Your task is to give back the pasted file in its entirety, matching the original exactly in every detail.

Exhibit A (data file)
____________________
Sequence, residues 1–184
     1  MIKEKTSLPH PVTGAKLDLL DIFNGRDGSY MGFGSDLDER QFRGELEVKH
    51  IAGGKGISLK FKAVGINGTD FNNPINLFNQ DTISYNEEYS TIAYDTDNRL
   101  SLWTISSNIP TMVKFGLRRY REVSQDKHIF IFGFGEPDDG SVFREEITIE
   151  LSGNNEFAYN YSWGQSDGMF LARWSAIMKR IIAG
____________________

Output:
Sequence, residues 1–184
     1  MIKEKTSLPH PVTGAKLDLL DIFNGRDGSY MGFGSDLDER QFRGELEVKH
    51  IAGGKGISLK FKAVGINGTD FNNPINLFNQ DTISYNEEYS TIAYDTDNRL
   101  SLWTISSNIP TMVKFGLRRY REVSQDKHIF IFGFGEPDDG SVFREEITIE
   151  LSGNNEFAYN YSWGQSDGMF LARWSAIMKR IIAG